After your symptoms begin, they may grow in intensity over the next few days until they reach their peak. It’s likely that you’ll reach peak symptoms at some point during the first week, and your symptoms will start to fade after that. There are several variables that can influence the length of time you experience withdrawal, including your history with the drug and the size of your typical dose. However, most of your symptoms may be gone by the second week. Issues like anxiety and insomnia may linger, and they could last for long periods and may need to be addressed in treatment.
Is Restoril Withdrawal Dangerous?
Since Restoril is a benzodiazepine and a central nervous system depressant, it belongs to one of the most dangerous categories of drugs during withdrawal. Depressants cause your brain and body to adapt to a slowed pace. To achieve chemical balance, your brain will try to counteract the effects of the drug with its own excitatory chemicals, and it may produce fewer of its own relaxing chemicals. If you stop taking a benzodiazepine like Restoril suddenly, your brain and nervous system will miss the depressing effect of the drug and become overstimulated. This is what causes common issues like anxiety, jitters, and insomnia.
However, overstimulation can lead to more severe issues like tremors, seizures, panic, and even hallucinations. The seizures you might experience during withdrawal from a depressant drug are similar to the seizures caused by issues like epilepsy. These seizures used to be called Grand Mal seizures, but they’re now called tonic-clonic seizures because of the two phases they cause. During the tonic phase, a person will pass out, and severe muscle tension will cause them to go rigid. Then the clonic phase involves muscle spasms that cause limbs to cling to the body and then shoot out rapidly, causing convulsions. Seizures can cause serious injuries that can be fatal, especially if you go through one by yourself.
Depressants can also cause a condition called delirium tremens during withdrawal. Delirium tremens is less common in benzodiazepine withdrawal than it is with alcohol, but it may happen if you quit using the drug suddenly after a period of severe chemical dependence. Delirium tremens is characterized by sweating, fever, panic, severe confusions, shallow breathing, restlessness, irritability, tremors, and heart palpitations. In some cases, it can cause chest pains, heart failure, and stroke.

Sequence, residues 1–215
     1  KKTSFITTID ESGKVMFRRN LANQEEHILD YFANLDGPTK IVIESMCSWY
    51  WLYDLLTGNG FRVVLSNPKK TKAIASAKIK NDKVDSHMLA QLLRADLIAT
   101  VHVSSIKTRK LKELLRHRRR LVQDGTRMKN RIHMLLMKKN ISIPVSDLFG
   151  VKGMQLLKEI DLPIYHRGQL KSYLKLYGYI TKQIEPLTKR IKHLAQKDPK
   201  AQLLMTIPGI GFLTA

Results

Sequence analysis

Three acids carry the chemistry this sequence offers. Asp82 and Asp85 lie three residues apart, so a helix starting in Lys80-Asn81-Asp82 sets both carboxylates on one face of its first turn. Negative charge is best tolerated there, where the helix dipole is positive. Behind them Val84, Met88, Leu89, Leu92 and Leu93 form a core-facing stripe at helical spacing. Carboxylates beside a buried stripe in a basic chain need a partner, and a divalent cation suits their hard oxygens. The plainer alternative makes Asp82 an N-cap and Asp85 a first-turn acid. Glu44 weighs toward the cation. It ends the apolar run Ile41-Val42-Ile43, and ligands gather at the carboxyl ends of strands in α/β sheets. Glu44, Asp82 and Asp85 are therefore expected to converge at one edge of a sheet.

How is Restoril Withdrawal Treated?
Before you stop taking Restoril, it’s important to speak to a doctor. Since the drug is a depressant and a benzodiazepine, it’s important to seek help when you want to cut back or stop taking it. If you’ve only been using the drug in moderate doses for a week or so, your doctor can help you taper off of the drug or switch medication in a way that’s safe and avoids uncomfortable withdrawal. If you or your doctor believe that you have a severe dependence on Restoril, you may need a higher level of care in addiction treatment.
Medical detox is a high level of care that’s characterized by 24-hour medical care. The care you receive may involve medications that are prescribed to help treat or avoid potentially serious complications of withdrawal. Detox can also address other medical issues that may be complicated by withdrawal. While you’re in detox, both medical and psychological issues may be addressed. Detox programs usually have clinicians on staff that can help you address some of the deeper issues that can come with a substance use problem, like trauma, anxiety, and other mental health issues.
What Happens After Detox?
If you have a severe substance use disorder or addiction, detox may be an important part of treatment, but it’s not enough to facilitate long-term sobriety. Depending on your needs and the severity of your substance use disorder, you may need additional treatment in other levels of care in addiction treatment. If you still have significant medical or psychological needs that would make independence risky to your health or sobriety, you may need inpatient treatment.
As you progress, you can take on more independence and move to an outpatient program. Intensive outpatient treatment involves nine or more hours of treatment services each week, and partial hospitalization involves more than 20 hours of services each week. As you progress, you may move on to outpatient treatment with fewer than nine hours of treatment each week.
Through each level of care, you may go through treatments and therapy that are designed to address physical, psychological, and social needs that may be associated with addiction. The National Institute on Drug Abuse states that addiction treatment needs to be personalized and multidisciplinary for it to be effective.